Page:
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Author D. Laurence Rogers presents the unknown hero of anti-slavery at The Filso
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Ahh…the change of sweeter air.  We have been feasting on a tremendous spread of glorious weather as the transition into the Autumn-time inches closer.  The suffocating stranglehold of summer humidity has gracefully loosened into the effervescent tides of cool, rich air and soft nights.  So gentle.  It’s a marvelous time, indeed, friends: the crispness of a Fall morning, the musky spice flavors of cinnamon and clove, the thick carpets of vivid foliage – and, oh yeah, the political smear campaigns! 

In a handful of weeks Americans will squash themselves into thousands of little curtained corners and do that civic duty thing.  The President of the United States of America will crowned King of the World and lots of confetti will rain from the ceiling.  Hallelujah!  I’ll admit: election years are wickedly awful – in my opinion.  Weeks of nitpicking, mud-slinging, name-calling and facebook arguments (these are the worst) all culminating in a single night of monumental melodrama as pundits engage the nation in a display of on-air posturing and nail-biting.  Autumn gold, folks!  But as we gear up for the real bulk of the battle, perhaps a little extra history lesson might add some much-needed moral fiber into the mix.  Join author D. Laurence Rogers as he presents the political career of the nation’s first anti-slavery presidential candidate, James Gillespie Birney.  Get the facts on the Kentucky native with Rogers’ new book Apostles of Equality: The Birneys, the Republicans and the Civil War presented Tuesday, September 25th, at The Filson Historical Society.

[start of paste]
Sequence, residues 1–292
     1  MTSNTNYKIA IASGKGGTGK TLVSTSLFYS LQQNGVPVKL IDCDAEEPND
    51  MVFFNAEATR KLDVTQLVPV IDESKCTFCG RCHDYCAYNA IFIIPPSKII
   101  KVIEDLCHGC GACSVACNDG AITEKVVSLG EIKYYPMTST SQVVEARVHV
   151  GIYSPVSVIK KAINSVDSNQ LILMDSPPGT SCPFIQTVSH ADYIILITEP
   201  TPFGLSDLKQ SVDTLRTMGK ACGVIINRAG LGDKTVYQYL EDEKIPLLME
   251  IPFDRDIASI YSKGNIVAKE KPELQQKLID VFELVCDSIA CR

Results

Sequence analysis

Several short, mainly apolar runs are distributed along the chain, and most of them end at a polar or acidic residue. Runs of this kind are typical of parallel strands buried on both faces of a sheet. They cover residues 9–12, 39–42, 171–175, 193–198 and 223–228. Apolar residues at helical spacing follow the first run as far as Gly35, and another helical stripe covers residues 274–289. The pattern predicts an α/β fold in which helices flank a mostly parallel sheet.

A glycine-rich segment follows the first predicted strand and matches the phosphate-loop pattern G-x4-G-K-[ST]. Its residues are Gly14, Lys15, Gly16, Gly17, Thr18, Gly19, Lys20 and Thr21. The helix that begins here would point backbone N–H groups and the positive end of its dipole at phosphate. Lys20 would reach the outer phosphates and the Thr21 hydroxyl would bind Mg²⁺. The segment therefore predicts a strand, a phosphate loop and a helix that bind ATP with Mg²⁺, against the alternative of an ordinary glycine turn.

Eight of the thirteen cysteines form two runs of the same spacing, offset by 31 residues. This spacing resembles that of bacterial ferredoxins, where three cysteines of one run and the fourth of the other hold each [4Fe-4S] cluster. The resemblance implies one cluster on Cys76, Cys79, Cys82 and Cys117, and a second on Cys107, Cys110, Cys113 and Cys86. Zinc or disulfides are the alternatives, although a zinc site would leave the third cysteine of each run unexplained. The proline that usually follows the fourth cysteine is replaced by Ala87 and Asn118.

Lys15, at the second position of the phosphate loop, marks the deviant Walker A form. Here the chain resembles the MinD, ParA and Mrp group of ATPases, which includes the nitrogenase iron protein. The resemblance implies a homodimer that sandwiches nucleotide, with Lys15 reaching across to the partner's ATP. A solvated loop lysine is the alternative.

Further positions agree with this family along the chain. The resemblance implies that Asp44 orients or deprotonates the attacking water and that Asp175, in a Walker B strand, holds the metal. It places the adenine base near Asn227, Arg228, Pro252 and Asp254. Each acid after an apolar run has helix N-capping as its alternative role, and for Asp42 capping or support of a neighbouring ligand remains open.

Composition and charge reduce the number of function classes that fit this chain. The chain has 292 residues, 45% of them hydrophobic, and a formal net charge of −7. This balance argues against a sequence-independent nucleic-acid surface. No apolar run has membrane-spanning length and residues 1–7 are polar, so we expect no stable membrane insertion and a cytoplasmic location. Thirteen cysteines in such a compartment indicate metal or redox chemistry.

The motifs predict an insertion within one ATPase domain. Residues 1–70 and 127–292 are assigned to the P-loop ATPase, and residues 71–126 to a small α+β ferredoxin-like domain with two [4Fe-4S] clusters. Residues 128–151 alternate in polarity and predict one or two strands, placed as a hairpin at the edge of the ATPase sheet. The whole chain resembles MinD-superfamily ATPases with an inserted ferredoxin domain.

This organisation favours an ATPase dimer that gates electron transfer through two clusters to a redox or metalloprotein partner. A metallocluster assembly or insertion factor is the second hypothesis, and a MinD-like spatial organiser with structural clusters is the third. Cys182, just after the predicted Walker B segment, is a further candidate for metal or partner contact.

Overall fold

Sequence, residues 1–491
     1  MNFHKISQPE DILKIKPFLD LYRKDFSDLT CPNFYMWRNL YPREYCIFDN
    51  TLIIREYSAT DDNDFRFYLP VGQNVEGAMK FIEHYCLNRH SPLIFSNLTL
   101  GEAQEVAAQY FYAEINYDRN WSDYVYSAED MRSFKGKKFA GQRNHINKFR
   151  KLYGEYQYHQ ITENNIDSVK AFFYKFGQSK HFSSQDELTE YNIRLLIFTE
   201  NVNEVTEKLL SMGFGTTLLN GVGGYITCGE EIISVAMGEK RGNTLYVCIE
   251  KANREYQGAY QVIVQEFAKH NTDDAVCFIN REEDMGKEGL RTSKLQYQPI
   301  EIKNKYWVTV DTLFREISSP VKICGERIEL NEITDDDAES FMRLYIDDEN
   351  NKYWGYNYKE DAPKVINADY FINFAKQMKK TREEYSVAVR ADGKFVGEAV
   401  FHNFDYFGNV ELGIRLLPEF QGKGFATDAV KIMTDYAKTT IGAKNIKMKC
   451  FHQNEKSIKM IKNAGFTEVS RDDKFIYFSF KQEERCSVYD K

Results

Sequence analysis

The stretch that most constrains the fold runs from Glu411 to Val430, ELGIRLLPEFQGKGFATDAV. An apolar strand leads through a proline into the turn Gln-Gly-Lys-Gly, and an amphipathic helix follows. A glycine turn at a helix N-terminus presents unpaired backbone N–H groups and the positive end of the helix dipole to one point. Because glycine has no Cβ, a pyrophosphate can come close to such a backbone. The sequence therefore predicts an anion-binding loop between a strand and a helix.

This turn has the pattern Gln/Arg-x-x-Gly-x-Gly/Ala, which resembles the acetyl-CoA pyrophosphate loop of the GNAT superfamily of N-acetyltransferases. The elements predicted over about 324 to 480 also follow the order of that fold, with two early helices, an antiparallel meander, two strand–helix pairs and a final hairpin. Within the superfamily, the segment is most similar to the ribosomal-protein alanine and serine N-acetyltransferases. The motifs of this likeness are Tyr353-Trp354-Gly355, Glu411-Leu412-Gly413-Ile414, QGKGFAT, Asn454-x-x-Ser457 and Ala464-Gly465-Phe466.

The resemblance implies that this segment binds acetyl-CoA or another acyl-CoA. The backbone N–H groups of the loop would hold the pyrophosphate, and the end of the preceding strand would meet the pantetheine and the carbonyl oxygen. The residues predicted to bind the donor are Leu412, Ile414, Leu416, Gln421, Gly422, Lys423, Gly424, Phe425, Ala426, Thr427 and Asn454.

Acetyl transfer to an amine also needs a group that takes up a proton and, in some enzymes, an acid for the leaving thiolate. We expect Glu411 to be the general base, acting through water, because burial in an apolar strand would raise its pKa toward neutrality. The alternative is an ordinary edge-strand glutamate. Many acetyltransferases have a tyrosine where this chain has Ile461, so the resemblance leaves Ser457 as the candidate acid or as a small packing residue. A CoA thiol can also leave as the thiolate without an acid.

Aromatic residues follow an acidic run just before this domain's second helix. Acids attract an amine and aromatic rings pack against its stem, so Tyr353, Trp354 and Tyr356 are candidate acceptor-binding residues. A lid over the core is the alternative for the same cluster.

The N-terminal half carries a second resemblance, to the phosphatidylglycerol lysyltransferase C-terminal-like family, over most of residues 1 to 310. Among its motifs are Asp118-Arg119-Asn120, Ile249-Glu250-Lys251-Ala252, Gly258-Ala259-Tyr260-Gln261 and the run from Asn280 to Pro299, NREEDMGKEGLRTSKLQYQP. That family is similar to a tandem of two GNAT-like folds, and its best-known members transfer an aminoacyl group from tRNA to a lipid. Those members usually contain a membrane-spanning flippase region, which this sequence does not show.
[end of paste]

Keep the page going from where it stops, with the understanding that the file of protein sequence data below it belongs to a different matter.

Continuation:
The virtually unknown story of James Gillespie Birney is perhaps unsurprising in its anonymity.  Sharing an historical stage with the legends of Abraham Lincoln, Jefferson Davis and Henry Clay has left little room for extra players to contribute to collective memory of human history.  But the political career of Birney is one that bears notation as D. Laurence Rogers uncovers in Apostles of Equality.  Recently published by Michigan State University Press, Rogers’ book addresses the revolutionary life of Birney as the true pioneer of the abolitionist movement that ultimately led to the formation of the Republican Party, the election of the Lincoln and the Civil War.  Join Rogers at The Filson at noon for an account of the Danville native and a re-examination of history’s hot button political frontiers.

Got your bumper stickers ready?  Don a sweater, grab a hot pumpkin latte and let’s trump this year’s wild presidential landscape with a nod to the past and maybe just a touch of tongue-in-cheek.  A touch.

The Filson Historical Society is located at 1310 South Third Street.  This event is free, but reservations are suggested.  For more information, visit the event page.

Image: Courtesy of Barnes & Noble website www.barnesandnoble.com

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About Erin Day

I currently spend most of my days sequestered in a dark and secret room projecting IMAX films for an adoring public. In my spare time I read books (a lot) and contemplate ever more devious ways to become a professional Blacksmith. I love words, paper, fashion, trees, Charlie Chaplin, useless knick-knacks and my beloved turquoise 1994 Ford Ranger - Daniel. I totally believe in the Loch Ness Monster. Books are culture; my goal is to tell you a story.

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